All Pigs Must Die – Nothing Violates This Nature (Review)

APMDAll Pigs Must Die are from the US and play ultra-violent Hardcore Metal.

The band mix the aggression of Converge, the crust of Discharge and the Metal of Entombed into one searing package of extremity and violence.

This is a brutal rampage though a filth-fuelled rage-dump and catharsis through ferocity. The songs strain against the fabric of civilised society, holding the promise of anarchy and release but remaining coherent enough to channel all of the fury into a collection of tracks that are not only heavy musically but also with destructive potential.

There is 33 minutes of music here, spread across 10 tracks; the perfect amount of time so that the aggression truly flows into you but not so much that it can become stale or wasted potential.

I love music like this. It’s so vital and alive and epitomises why heavy music is so enticing. Do yourself a favour and get this album.

Alehammer – Barmageddon (Review)

AlehammerAlehammer are from the US and play Crusty Thrash Metal with an alcoholic theme.

The sound they have is one giant fuzzed-up monster of a sound. The heavily distorted guitars almost overwhelm everything else with their filthy, ultra-scuzzy noise.

The singer sounds rabid and the Crusty vocals are bellowed out at the top of his voice; they’re burly, unfriendly and make a hell of a mess.

The sound quality appears to vary depending on how inebriated the band were when they recorded it, with some songs like Fermented Death having a weaker sound but others such as ABV 666 sounding much stronger. Strange.

The songs are simple, belligerent and enjoyable. They have a drunken swagger entirely their own, and a crowbar to smash down anyone who gets between them and the bar.

This is Metal at its most primitive and most primal. Have some beers and let the fists start flying.

Die Choking – Die Choking I (Review)

Die ChokingGrindcore band Die Choking are from the US and this is their first release.

With only 5 tracks in just under 6 minutes this is fast and brutal. Die Choking like their Grind raw and rough, with Punk and Crust elements to the songs. Think of a band like Misery Index only with shorter songs and you’ll get the right idea.

Even with such short tracks the band show that they can play insane blasting just as well as heavy and brutal.

The playing is tight and focused and the sound does the songs justice. The passion and enthusiasm of the band is obvious and this is fresh and above all savage. This is Grindcore to pay attention to.

As an opening salvo into the world of Metal this short EP is an excellent warning shot. Let’s see what they can do with a longer release now.

Isacaarum – Whorecraft (Review)

IsacaarumThis is veteran Czech band Isacaarum’s seventh album of filthy Blackened Deathgrind.

Inhabiting the same degraded, run-down pay-by-the-hour hotel as The Meatfückers; Isacaarum are more at the Grind/Death end of the spectrum than the aforementioned band, but no less seedy and porn-obsessed for it.

The 9 songs that span this 30 minutes of depraved Metal never get stuck in a rut. In fact, for the genre this is a surprisingly varied release with even some melodic moments raising their rubber-clad heads at appropriate intervals.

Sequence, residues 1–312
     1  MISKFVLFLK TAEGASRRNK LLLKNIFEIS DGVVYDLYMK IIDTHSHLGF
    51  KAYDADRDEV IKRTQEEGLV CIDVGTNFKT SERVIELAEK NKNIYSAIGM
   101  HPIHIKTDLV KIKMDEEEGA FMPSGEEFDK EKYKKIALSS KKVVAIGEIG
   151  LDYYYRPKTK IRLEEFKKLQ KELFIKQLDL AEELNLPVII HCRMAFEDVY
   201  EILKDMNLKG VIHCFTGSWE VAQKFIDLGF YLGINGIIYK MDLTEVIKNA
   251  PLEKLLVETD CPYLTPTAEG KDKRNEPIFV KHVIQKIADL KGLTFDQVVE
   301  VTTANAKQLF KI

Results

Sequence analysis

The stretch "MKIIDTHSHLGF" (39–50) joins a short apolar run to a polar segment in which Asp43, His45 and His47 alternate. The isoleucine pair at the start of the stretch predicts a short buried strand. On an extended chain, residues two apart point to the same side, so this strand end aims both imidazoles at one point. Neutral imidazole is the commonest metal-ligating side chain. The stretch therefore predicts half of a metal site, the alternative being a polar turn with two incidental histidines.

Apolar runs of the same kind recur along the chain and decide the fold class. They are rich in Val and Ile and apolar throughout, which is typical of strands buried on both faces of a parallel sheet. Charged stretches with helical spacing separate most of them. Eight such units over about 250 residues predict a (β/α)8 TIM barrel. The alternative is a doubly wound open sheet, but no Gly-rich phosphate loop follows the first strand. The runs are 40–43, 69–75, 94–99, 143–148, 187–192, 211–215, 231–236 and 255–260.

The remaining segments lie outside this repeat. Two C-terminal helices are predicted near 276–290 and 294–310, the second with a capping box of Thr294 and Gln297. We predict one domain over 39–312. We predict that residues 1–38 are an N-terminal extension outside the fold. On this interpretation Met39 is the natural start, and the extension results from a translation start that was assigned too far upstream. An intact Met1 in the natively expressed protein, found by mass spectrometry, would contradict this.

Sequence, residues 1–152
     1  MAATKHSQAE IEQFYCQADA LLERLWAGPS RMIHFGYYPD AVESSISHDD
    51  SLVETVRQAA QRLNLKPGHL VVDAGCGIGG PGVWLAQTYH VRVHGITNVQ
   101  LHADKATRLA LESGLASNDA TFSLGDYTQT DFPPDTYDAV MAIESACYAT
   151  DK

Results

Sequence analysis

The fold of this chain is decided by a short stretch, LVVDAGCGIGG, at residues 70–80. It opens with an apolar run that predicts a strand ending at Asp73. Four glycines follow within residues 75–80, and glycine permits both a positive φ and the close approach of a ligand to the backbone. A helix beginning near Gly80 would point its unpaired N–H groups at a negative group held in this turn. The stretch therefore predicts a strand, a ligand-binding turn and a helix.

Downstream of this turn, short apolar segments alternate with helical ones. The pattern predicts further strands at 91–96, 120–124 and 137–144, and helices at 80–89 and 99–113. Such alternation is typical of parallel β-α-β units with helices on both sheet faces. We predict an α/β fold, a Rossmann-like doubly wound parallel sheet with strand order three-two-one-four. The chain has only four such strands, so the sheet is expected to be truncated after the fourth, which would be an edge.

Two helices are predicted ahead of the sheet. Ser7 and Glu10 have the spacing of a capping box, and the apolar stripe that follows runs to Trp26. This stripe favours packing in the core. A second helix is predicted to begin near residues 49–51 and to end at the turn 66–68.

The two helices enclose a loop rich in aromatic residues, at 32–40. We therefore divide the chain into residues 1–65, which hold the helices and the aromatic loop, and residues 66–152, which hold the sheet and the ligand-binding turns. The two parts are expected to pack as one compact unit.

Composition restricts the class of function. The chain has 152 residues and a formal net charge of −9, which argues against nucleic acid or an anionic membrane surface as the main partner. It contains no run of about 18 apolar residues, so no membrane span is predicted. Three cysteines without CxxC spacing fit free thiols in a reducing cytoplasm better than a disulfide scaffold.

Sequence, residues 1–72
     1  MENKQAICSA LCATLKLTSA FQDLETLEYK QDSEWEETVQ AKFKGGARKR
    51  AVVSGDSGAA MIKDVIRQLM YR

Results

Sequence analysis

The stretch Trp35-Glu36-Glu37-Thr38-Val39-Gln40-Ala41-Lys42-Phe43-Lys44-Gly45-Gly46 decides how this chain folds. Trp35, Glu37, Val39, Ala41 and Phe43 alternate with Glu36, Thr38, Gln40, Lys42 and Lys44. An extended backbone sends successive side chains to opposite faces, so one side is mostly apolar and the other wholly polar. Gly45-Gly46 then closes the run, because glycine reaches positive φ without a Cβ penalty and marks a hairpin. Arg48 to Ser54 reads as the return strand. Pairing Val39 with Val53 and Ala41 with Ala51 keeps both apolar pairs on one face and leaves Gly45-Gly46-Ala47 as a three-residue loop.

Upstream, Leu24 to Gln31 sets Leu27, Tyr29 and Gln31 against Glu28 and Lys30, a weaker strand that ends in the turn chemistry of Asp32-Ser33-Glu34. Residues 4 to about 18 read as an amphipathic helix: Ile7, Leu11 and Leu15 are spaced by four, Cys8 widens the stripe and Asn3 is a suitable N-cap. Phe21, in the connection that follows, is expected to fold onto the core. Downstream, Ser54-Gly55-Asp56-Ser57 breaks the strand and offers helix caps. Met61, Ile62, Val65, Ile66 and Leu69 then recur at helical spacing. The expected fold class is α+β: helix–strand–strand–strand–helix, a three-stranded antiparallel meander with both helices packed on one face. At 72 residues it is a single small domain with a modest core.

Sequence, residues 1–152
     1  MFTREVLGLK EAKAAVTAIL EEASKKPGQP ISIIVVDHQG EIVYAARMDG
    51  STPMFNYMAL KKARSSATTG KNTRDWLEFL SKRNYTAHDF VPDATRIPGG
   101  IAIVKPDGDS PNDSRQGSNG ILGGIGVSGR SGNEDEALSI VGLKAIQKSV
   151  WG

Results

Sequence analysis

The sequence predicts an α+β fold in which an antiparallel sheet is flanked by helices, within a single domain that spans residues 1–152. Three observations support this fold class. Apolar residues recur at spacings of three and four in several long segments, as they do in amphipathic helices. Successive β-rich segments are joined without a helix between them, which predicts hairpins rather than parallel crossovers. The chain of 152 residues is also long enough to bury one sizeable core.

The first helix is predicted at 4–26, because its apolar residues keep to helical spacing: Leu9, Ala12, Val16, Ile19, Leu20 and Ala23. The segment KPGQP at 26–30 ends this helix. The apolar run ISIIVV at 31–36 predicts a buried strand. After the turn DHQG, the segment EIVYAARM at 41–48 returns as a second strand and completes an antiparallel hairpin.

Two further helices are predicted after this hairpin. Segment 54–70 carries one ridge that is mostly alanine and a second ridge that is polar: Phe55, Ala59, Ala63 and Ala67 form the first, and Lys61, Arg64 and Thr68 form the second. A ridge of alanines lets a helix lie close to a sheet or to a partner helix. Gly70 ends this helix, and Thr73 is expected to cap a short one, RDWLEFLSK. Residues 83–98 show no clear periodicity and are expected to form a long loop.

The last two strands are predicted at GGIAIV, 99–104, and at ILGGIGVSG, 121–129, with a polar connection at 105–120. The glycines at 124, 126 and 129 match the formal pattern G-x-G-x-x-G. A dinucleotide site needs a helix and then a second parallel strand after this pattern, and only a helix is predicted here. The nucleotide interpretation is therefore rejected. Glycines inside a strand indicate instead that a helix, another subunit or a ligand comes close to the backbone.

The vocals alternate between higher and lower shrieks/grunts, (in a similar vein to, say, Exhumed), with the deep growls in particular being very well done.

A strong production with a heavy sound accentuates all of the questionable fluids that the band excrete and allows their songs to breathe and enjoy themselves while being mindful of the safety word at all times.

I have enjoyed this album immensely; the band have an ear for a good song and the album doesn’t get stale. This is the first time I’ve encountered Isacaarum and I’m very glad I have. I’ll be visiting them at their seedy hotel more often in the future.

Reproacher – Nothing to Save (Review)

ReproacherReproacher are a Metallic Hardcore band from the US. Having enjoyed Reproacher’s previous releases I was looking forward to checking this one out.

I was not disappointed. This is intense, brutal and heavier than a really heavy thing. Reproacher’s assault is one of pressure and deadly intent.

Coming from the Converge-style of Hardcore this is scathing and vitriol-fuelled extremity. Powered by an undercurrent of Sludge and Crust, these tracks seethe violence from every sweaty pore.

Reproacher are no one-trick band though and they add in variety to their bruising onslaught with some interesting and inventive sections and ideas. The predatory crawl of Ballast contrasts nicely with the grinding charge of The Champion is Fucked, for example.

The album rips along through up-tempo and low-tempo tracks, all the while displaying a feel for thick guitar-based atmosphere and a good variety of songwriting.

This is for all worshippers of heaviness. Bring Reproacher into your world.

Interview with Bones

Bones play a simple but very effective brand of no-nonsense Death Metal/Crust which can be heard on their recently released album Sons of Sleaze. I’ve enjoyed listening to this album and have loved their previous work in Usurper, so when the opportunity arose to ask them a few questions I dived in.

For people who are new to the band – introduce Bones!

Bones Band

Sure. Bones is a filthy metal band from Chicago. Our lineup is: Joe Warlord-Drums, Carcass Chris-Guitars/Vox and Jon Necromancer-Bass/Vox. We’re a newer band that formed in ‘09, but we’ve been around forever. All 3 of us have been in Usurper together back in the ‘90s-’00s. We play raw, unpolished metal. We’re not interested in sounding “perfect” or “clean”. We feel that Metal has lost its balls over the years. Now bands spend way too much money to make a studio perfect album that sounds stale, wimpy and terribly boring. Bones is the exact opposite of all that shit.

What are your main influences?